Kristine Ashton Gunnell completed her Ph.D. at Claremont Graduate University in 2010, and she specializes in Women and Gender in the American West. She also received an M.A. in History from the University of Michigan in 2001, and a B.A. from Brigham Young University in 1999. She served as visiting faculty at Claremont McKenna College in 2010, teaching U.S. History and the History of the American West. She attended the NHPRC’s Editing Institute in 2005, and worked on the Florence Kelley Letters Project, co-edited by Kathryn Kish Sklar and Beverly Palmer, between 2003 and 2006.
Gunnell completed her first book, Daughters of Charity: Women, Religious Mission, and Hospital Care in Los Angeles, 1856-1927, published by DePaul University Vincentian Studies Institute in December 2013. She also won the 2014 Arrington-Prucha Prize from the Western History Association for her article “Daughters of Charity as Cultural Intermediaries: Women, Religion, and Race in Early Twentieth-Century Los Angeles.” The book argues that Catholic sisters played a pivotal role in the development of the hospital industry in Los Angeles. The Daughters of Charity entered hospital care as a means to fulfill their religious duties to the sick poor, but as hospitals changed from social welfare institutions to medically-oriented businesses, the sisters had to adapt to the demands of surgery and science, developing new strategies to promote the vitality of their institution without relinquishing their commitment to the poor.
In the twentieth and twenty-first centuries, the Daughters’ services have taken various forms: education, senior housing, and healthcare services, among others. But for the Daughters and members of other organizations in the Vincentian family, meeting immediate needs is not enough. They seek to provide men, women, and children with necessary skills to maneuver around barriers to economic betterment. As more people learn and share these skills, poverty becomes less powerful, and the hope is that the system itself will eventually change.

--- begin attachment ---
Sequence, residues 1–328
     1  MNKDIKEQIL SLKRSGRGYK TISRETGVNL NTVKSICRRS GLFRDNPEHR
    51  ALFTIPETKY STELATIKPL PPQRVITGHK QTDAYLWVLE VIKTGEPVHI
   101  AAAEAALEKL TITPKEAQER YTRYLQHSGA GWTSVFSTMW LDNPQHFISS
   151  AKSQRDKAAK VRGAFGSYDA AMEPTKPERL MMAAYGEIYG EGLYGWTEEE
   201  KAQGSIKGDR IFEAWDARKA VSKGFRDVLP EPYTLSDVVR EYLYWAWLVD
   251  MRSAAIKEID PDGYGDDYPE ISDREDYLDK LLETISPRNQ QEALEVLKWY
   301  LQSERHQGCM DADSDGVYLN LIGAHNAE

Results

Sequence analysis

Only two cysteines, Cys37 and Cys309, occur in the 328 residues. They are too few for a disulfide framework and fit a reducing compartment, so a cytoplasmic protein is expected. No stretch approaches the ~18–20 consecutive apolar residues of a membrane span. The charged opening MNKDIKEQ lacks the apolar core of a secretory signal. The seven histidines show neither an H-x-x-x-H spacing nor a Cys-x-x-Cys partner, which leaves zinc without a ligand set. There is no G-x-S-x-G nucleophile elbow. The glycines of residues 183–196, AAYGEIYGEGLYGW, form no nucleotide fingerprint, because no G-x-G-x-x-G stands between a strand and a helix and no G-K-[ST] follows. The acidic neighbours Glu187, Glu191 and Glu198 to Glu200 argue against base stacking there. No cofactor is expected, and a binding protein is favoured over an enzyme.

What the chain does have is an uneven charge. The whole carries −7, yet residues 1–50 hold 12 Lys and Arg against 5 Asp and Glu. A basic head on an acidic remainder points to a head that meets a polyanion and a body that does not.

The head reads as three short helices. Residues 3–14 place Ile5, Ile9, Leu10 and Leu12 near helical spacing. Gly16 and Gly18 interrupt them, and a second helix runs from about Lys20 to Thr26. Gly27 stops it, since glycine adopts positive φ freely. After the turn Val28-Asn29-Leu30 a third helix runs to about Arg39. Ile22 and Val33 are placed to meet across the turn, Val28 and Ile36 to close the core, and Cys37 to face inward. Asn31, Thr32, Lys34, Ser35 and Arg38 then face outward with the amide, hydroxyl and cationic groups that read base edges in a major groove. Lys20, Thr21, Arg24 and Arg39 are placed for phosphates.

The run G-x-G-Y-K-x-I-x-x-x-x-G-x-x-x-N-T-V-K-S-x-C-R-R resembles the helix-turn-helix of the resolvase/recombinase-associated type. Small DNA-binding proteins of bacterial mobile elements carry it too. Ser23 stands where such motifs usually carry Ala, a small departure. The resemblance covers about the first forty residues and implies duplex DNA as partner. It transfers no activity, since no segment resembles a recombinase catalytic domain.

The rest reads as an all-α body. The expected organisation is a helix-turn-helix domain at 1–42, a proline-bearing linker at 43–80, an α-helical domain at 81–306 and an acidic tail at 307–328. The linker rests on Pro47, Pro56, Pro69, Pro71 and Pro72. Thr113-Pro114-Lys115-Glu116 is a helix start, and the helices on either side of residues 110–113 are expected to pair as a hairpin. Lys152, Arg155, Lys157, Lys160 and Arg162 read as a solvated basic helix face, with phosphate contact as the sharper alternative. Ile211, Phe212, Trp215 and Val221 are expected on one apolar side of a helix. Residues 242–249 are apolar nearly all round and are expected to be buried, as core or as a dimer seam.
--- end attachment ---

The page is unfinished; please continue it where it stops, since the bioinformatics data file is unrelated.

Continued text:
“To Daughters of Charity, poverty is not inevitable. Men and women created the systems which result in poverty, so men and women can change them to become more responsive to the needs of all people.”
Since 1984, the Daughters of Charity Foundation has played a pivotal role in sustaining the sisters’ efforts to promote systemic change in the western United States and elsewhere across the globe. Established by Sister Teresa Piro, the foundation is a supporting organization for the Daughters of Charity Province of the West, the administrative unit which oversees the sisters’ ministries in the western United States. Through a series of historical essays and primary documents, Gunnell is exploring the foundation’s leadership, strategies, and programs which bolster the ministries’ efforts to serve those struggling in poverty, meeting short-term needs as appropriate and pursuing long-term interventions that will prevent more people from slipping into its grip. Tentatively titled, Fighting Poverty One by One: The Daughters of Charity Foundation and Systemic Change, 1984-2015, the book contributes to the history of women religious, demonstrating their contemporary leadership in the fight against poverty.
Daughters of Charity: Women, Religious Mission, and Hospital Care in Los Angeles, 1856-1927. Chicago: Vincentian Studies Institute Press at DePaul University, 2013.
“The Daughters of Charity as Cultural Intermediaries: Women, Religion, and Race in Early Twentieth-Century Los Angeles.” U.S. Catholic Historian, volume 31, number 2 (2013): 51-74
“Women’s Work: The Daughters of Charity Orphans’ Fairs and the Formation of the Los Angeles Community, 1858-1880.” Southern California Quarterly (January 2012): 373-406.
“Sisters and Smallpox: The Daughters of Charity as Advocates for the Sick Poor in Nineteenth-century Los Angeles.” Vincentian Heritage Journal, volume 30, number 2 (2011): 9-26.